Don’t Buy What Central Banks Are Selling
12/01/2011 10:50 am EST
The huge market move in response to the modest official intervention isn’t a great long-term sign, writes MoneyShow.com senior editor Igor Greenwald.
The rumor making the rounds yesterday was that the coordinated central bank intervention rescued a European bank from imminent failure.
That seems far-fetched. All the Federal Reserve did (with PR cover from colleagues in Japan, UK, Canada, and Switzerland) was cut European banks’ dollar funding costs by half of a percentage point of interest and push out the scheduled expiration of these credit lines from mid-2012 into 2013.
Once the new pricing takes effect next week, it should ease the severe strains in the European interbank lending market. But it won’t make any bank more solvent than it was on Monday, nor does it address either the underlying causes or the most glaring symptoms (higher yields) of the sovereign debt crisis.
So why the rumor? Because no one quite understands why this mostly symbolic and precautionary measure to unclog Europe’s financial plumbing should have rallied US equities 4%, taking commodities and overseas markets along for the ride.
The market slump into Thanksgiving came as European banks found it increasingly difficult to find affordable dollars for financing their short-term obligations. As Izabella Kaminska writes in the Financial Times, the European interbank market has been gravely compromised by a shortage of creditworthy collateral.
That’s why one of the most important changes made yesterday was the European Central Bank’s decision to reduce its collateral requirement on dollar loans from 20% to 12%, as pointed out by economist Karl Smith.
Yesterday’s action might have averted a greater breakdown, the morning after Standard & Poor’s downgraded a slew of money-center banks on both sides of the Atlantic. But the fact that we’re at this point is more important than what the markets did yesterday, and does not yet seem to have been discounted fully.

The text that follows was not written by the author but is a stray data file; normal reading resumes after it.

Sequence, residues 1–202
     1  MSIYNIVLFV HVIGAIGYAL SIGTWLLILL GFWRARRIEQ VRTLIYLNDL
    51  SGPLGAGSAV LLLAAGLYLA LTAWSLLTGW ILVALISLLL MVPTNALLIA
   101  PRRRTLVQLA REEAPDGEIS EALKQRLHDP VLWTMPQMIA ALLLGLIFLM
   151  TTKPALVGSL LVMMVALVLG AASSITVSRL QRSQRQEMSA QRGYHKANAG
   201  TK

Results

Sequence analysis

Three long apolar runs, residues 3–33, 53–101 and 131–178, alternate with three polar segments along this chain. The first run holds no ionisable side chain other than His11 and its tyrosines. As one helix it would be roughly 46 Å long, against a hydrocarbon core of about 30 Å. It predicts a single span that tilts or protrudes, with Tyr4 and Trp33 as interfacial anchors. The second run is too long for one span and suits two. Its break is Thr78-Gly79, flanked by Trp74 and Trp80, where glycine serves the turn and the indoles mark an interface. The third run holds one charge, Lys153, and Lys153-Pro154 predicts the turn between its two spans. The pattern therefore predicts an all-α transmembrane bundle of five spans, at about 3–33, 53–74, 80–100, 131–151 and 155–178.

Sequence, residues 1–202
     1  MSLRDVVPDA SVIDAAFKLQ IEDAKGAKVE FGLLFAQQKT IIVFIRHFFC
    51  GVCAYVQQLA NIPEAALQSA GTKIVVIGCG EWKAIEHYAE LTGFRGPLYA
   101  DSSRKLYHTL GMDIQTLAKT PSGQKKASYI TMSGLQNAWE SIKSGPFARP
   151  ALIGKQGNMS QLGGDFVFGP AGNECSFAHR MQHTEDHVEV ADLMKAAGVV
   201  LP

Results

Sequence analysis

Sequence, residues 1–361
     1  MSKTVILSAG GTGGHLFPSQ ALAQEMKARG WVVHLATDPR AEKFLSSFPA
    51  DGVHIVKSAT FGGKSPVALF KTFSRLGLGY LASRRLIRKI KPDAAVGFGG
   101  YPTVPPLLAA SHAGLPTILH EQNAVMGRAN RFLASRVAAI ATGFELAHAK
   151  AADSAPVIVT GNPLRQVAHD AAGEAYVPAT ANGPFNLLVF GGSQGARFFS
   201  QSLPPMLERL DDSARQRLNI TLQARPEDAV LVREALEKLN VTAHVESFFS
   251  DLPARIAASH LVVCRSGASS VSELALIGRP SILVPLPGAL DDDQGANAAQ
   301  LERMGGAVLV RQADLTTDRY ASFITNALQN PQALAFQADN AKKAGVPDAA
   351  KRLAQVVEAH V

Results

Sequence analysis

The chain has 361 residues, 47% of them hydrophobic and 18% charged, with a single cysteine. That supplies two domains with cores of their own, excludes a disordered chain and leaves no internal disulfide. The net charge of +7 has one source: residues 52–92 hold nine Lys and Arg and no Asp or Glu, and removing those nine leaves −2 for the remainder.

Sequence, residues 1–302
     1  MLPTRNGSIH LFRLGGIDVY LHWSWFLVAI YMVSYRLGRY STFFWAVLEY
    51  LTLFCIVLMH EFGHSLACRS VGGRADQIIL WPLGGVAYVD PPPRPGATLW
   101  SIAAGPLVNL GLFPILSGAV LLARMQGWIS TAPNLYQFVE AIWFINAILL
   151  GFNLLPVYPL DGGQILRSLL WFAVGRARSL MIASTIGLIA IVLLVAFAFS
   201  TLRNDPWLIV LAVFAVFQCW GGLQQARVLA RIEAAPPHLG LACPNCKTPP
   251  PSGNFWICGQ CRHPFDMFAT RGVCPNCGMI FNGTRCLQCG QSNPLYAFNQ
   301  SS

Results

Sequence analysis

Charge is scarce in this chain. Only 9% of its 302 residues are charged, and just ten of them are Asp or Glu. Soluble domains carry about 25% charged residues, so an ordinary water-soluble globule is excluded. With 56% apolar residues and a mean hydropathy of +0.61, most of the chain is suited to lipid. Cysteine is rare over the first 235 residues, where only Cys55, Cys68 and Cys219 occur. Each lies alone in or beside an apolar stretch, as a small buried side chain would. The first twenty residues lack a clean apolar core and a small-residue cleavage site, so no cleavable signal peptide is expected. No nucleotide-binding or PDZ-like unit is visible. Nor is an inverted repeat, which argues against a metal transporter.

With the European banking system now sufficiently lubricated to survive for a month, European policymakers have a small window of opportunity to work out how the continent’s governments and banks will be refinance the trillions of low-interest debt maturing next year.
Their current plan is to put enough teeth into the widely flouted common budget rules to convince Germany to loosen the purse strings, specifically the European Central Bank’s. Without ECB help on a scale it has resisted to this point, Italy will have little choice but to default and exit the currency union. The ECB would need to contribute heavily to a bailout of Italy by the International Monetary Fund to make that rescue option credible.
Even if this game plan comes off without a hitch, investors will be left confronting a European recession and a slowdown in China. But at least the odds of a December wipeout have been cut. For the mercenaries driving the action in the stock market these days, that’s something.
Much of the smart money on the Street appears to be giving the rally little to no respect. From a contrarian perspective, maybe that’s a bullish sign.
I remain skeptical. Healthy markets don’t leap 500 points on rumors that a banking collapse has been averted. That’s a sign that things still aren’t right.
And as long as people are still buying into hopes of deliverance from on high, I’d rather be selling.